Systematics of living organisms

At present, more than 2.5 million species of living organisms have been described on Earth. However, the actual number of species on Earth is several times greater, since many types of microorganisms, insects, etc. are not taken into account. In addition, it is believed that the modern species composition is only about 5% of the species diversity of life during its existence on Earth. Systematics, classification and taxonomy serve to streamline such a variety of living organisms.

Systematics is a branch of biology that deals with the description, designation and classification of existing and extinct organisms by taxa.

Classification the distribution of the entire set of living organisms according to a certain system of hierarchically subordinate groups – taxa.

Taxonomy is a branch of systematics that develops the theoretical foundations of classification.

A taxon is a group of organisms artificially isolated by man, related by one degree or another of kinship, sufficiently isolated so that it can be assigned a certain taxonomic category of one or another rank. The smallest taxonomic unit is the species . In modern taxonomy of living organisms, there is the following hierarchy of taxa: kingdom, department ( type in animal taxonomy), class, order ( order in animal taxonomy), family, genus, species . In addition, intermediate taxa are distinguished: supra- and sub-kingdoms, supra- and subdivisions, etc. The taxonomy of living organisms is constantly changing and updating. The main major taxa of living organisms are listed below.

Non-cellular forms

kingdom VIRUSES

Cellular forms – the over-kingdom of Prokaryotes (non-nuclear) and the over-kingdom of Eukaryotes (with a formed nucleus)

Kingdom of Prokaryotes

Kingdom ARCHEBACTERIA (ANCIENT BACTERIA)

Kingdom EUBACTERIA (TRUE BACTERIA)

Kingdom PROKARYOTIC ALGAE: department Cyanobacteria , department Prochlorophytes

Superkingdom of Eukaryotes

Kingdom MUSHROOMS

– sub-kingdom of Slime molds: Department of Myxomycetes

– subkingdom Fungi: department Chytridiomycetes , department Oomycetes , department Zygomycetes , department Ascomycetes or Marsupials , department Basidiomycetes , department Deuteromycetes or Imperfect fungi

– Lichens

PLANT KINGDOM

– subkingdom Bagryanka: department Red algae

– sub-kingdom True algae: department Green algae , department Golden algae , department Yellowgreen algae , department Diatoms , department Brown algae , department Pyrophytic algae , department Euglena algae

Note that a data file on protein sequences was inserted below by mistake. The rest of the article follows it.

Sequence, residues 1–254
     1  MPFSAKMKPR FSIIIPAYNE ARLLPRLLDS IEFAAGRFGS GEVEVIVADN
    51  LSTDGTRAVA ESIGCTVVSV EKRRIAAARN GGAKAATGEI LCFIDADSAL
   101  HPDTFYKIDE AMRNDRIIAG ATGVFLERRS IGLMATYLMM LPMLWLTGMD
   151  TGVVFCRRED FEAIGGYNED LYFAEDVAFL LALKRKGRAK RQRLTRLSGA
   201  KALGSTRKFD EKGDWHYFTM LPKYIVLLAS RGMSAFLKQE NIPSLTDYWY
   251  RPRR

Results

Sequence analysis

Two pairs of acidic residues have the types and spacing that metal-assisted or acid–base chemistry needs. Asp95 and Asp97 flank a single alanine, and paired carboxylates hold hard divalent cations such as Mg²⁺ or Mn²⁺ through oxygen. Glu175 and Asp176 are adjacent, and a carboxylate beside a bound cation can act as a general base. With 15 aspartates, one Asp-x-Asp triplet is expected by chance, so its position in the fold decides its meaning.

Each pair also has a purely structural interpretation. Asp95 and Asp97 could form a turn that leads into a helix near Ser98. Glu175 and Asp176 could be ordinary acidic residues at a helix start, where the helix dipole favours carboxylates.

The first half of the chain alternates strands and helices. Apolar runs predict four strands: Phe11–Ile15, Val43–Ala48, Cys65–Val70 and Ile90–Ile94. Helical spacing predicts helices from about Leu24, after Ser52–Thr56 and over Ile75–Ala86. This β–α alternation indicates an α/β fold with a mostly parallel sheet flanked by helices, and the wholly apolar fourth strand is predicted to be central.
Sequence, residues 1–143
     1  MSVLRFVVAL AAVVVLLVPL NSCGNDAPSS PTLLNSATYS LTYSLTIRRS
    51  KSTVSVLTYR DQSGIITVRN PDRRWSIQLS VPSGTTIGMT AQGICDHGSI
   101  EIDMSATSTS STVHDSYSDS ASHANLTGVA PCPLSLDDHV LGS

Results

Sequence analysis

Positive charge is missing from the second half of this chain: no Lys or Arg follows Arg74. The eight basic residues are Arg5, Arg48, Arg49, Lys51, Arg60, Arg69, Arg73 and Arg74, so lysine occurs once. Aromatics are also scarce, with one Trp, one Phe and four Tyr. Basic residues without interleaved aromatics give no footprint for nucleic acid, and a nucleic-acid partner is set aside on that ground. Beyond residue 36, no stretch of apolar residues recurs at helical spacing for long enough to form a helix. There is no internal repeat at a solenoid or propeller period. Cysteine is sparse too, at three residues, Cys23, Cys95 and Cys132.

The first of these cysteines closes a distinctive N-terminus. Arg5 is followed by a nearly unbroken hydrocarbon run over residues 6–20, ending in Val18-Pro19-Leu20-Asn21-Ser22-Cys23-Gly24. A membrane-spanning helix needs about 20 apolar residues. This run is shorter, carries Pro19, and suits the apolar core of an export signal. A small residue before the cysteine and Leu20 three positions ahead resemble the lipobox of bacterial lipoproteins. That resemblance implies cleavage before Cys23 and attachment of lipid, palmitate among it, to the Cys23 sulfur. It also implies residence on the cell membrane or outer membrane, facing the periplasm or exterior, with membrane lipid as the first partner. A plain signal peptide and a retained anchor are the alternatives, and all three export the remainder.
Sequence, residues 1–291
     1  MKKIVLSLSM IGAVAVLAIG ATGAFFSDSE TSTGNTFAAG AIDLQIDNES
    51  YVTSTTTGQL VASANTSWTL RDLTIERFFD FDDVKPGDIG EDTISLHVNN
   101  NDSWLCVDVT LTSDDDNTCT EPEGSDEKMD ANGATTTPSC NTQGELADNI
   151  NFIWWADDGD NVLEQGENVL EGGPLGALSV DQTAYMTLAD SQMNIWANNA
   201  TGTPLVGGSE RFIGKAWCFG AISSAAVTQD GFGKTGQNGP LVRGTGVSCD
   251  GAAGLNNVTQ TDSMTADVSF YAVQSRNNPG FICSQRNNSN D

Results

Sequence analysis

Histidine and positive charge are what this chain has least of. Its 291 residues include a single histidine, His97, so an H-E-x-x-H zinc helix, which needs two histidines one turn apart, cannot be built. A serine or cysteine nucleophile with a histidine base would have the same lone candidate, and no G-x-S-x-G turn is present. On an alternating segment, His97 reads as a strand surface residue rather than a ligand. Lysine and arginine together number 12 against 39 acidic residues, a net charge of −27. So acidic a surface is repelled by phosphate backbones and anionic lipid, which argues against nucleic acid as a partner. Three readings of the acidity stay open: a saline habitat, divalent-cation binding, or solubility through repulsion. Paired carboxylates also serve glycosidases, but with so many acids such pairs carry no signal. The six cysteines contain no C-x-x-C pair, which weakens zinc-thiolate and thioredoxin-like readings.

– subkingdom Higher plants: department Bryophytes , department Rhynioid , department Lycopsoid , department Horsetail , department Ferns , department Gymnosperms , department Angiosperms (class Monocotyledonous, class Dicotyledonous)

Kingdom ANIMALS

– subkingdom Unicellular: type Sarcomastigophora (class Flagellates, class Sarcodaceae), type Sporoviki , type Ciliates

– sub-kingdom Multicellular: type Sponge , type Intestinal (classes Hydroid polyps, Scyphoid polyps, Coral polyps), type Ctenophores , type Flatworms (classes Monogenetic flukes, Trematodes, Tapeworms), type Roundworms (classes Nematodes, hairy, acanthocephalans, Rotifers ), phylum Annelids (classes Polychaete worms, oligochaete worms, Leeches), phylum Arthropods (classes Crustacea, horseshoe crabs, arachnids, centipedes, insects), phylum Mollusca (classes Gastropoda, Bivalves, Cephalopoda), phylum Echinodermata (classes Sea lilies, Sea stars, Sea urchins, Holothurians), Chordata type (subtype Tunicates, subtype Cranial and subtype Vertebrates, including classes – Cyclostomes, Cartilaginous fishes, Bony fishes, Amphibians, Reptiles, Birds, Mammals).

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Types of nutrition of living organisms

All living organisms that live on Earth are open systems that depend on the supply of matter and energy from outside. The process of consuming matter and energy is called nutrition. Chemical substances are necessary for building the body, energy – for the implementation of vital processes.

There are two types of nutrition in living organisms: autotrophic and heterotrophic.